Saturday , July 24 2021

Burn Injuries From Viral Boiling Water Challenging Sending People to a Hospital



The challenge of viral hot water has become popular due to record low temperatures in the United States. Unfortunately, the stunt sent people to the hospital for burns. Some suffered injuries to the face. ( Pixabay )

Returning boiling water to the air, where it is immediately freezing in cold weather, may be some fun, but health professionals warn the public not to do this.

The challenge of boiling water

A large part of the continental US has fallen below the glacier over the last few weeks due to a polar vortex.

The boiling water challenge has become popular at record low temperatures. People return hot water to a very cold air to see what happens. The hospitals have said that the viral challenge is to send people to an emergency room.

Injuries due to the action of the viral challenge

At least eight people who participated in the hot water challenge were treated at the Loyola University Medical Center burning center since a deep freezing last week.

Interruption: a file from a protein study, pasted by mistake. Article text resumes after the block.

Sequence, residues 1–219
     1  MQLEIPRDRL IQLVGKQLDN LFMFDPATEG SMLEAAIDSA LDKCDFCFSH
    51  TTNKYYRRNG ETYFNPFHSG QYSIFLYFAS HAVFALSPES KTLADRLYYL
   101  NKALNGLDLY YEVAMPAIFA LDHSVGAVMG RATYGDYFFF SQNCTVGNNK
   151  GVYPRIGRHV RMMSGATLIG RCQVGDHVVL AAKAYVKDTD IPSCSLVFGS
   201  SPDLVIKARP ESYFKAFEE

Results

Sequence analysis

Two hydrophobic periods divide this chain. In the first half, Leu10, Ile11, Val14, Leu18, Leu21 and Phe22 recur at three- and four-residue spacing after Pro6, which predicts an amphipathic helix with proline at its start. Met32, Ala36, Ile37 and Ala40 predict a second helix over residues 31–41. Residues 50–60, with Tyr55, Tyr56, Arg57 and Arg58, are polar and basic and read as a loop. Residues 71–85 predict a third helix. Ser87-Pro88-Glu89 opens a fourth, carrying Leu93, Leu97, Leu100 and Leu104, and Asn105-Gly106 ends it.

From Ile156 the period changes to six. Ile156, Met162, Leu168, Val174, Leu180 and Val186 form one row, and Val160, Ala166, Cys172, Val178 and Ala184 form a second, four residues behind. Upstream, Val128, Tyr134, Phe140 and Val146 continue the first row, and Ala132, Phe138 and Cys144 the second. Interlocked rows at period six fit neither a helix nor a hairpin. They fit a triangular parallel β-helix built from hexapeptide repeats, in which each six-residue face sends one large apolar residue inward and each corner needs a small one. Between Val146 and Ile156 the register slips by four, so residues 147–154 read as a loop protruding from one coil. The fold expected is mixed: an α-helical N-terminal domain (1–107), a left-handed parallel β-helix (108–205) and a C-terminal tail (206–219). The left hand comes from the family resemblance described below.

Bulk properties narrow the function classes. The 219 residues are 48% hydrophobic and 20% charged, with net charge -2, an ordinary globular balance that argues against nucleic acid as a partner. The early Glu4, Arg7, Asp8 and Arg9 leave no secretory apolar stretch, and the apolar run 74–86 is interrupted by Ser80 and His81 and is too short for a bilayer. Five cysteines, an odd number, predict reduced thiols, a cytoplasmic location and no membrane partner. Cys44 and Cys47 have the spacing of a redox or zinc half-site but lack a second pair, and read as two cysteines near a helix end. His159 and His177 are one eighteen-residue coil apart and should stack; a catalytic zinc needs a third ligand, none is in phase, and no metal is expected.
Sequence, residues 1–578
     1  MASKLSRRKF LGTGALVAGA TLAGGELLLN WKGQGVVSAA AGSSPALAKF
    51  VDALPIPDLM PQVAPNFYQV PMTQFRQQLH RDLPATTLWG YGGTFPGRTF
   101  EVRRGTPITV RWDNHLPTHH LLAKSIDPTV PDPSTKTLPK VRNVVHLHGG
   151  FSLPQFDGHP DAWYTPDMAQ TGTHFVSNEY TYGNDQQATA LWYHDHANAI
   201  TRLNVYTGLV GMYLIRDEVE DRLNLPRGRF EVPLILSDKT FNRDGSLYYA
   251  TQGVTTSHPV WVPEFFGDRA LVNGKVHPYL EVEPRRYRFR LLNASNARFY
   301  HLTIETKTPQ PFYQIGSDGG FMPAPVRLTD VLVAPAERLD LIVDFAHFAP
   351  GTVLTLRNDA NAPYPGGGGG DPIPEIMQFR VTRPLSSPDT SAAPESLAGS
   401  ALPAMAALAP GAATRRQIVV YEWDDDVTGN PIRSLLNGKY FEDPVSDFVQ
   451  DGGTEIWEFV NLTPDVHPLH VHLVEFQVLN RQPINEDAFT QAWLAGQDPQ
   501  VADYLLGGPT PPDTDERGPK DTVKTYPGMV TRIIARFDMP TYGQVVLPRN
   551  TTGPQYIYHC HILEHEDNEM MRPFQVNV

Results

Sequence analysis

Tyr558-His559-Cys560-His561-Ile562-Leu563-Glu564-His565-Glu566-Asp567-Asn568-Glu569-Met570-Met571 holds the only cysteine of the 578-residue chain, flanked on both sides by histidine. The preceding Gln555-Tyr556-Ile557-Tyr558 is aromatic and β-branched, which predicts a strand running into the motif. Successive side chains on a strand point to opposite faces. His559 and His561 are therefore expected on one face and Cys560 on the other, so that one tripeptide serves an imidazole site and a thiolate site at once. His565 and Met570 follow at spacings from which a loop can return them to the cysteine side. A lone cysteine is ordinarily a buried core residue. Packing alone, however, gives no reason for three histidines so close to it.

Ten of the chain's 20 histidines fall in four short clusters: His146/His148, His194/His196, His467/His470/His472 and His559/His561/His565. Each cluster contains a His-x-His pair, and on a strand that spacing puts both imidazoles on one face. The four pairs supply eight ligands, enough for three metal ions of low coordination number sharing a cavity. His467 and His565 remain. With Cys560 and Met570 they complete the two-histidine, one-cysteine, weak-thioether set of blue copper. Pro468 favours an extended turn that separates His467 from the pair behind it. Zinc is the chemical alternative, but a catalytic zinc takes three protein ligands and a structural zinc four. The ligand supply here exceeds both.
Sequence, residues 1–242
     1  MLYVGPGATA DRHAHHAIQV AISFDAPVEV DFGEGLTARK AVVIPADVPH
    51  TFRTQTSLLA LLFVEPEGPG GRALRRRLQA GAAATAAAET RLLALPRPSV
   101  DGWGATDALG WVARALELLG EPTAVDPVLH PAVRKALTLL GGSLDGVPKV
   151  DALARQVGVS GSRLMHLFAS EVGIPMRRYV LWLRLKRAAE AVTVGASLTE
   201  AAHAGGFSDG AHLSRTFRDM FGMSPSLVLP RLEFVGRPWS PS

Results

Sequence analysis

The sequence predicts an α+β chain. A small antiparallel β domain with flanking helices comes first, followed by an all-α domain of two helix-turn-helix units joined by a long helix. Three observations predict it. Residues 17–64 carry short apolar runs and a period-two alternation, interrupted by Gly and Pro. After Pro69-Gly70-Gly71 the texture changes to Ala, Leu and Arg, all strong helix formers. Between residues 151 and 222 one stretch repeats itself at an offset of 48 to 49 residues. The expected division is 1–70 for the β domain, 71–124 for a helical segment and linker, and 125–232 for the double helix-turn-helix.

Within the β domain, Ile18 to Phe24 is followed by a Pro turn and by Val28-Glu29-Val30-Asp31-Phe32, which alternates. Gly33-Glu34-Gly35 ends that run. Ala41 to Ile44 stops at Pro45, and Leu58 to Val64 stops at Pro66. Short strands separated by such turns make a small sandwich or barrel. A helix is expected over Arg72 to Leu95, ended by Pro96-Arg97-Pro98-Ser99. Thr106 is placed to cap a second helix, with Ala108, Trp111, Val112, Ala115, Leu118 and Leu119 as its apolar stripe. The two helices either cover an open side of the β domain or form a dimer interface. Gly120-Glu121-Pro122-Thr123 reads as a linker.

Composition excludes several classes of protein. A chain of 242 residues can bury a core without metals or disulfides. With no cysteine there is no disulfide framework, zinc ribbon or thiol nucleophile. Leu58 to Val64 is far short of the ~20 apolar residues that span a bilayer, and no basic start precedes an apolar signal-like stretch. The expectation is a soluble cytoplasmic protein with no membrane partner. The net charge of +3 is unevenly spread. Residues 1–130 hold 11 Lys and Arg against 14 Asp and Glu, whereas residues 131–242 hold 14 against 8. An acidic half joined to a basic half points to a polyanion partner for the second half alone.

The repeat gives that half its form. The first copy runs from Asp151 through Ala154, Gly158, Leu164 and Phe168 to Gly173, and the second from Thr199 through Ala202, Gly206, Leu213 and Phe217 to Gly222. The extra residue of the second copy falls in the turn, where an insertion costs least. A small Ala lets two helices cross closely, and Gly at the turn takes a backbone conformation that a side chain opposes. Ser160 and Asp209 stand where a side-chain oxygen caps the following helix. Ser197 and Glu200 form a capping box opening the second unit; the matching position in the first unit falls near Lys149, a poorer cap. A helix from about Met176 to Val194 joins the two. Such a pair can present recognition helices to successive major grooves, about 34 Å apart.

These individuals had injuries on the feet, face, hands and hands and have different levels of burns.

The Iowa Center for Burns of Burns said that one person sought treatment at the facility. Hennepin Healthcare in Minneapolis also had some people who had been hospitalized in recent weeks because of the challenge that went wrong.

"Some of them are parents or adults who go out with their children, and children get excited and get on the path, and parents eventually throw water to the kids," said Angie Whitley, a health care supervisor at the Hennepin Healthcare Burns Center.

Whitley said he also saw facial damage caused by people who threw hot water into the air, and the wind was sinking hot water.

Chris Vicik, a medical center at the University of Loyola, said that only people throwing water were injured. Some of those who suffered from burn injuries just watched a stuntman.

Warning about the challenge of boiling water

Emergency medical officer of the Chicago district of Cook County, Jeff Schaider, advised the public not to try to run hot water.

"It's a temptation," Schaider said. "It looks like it's pretty cool, but it's probably a bad idea."

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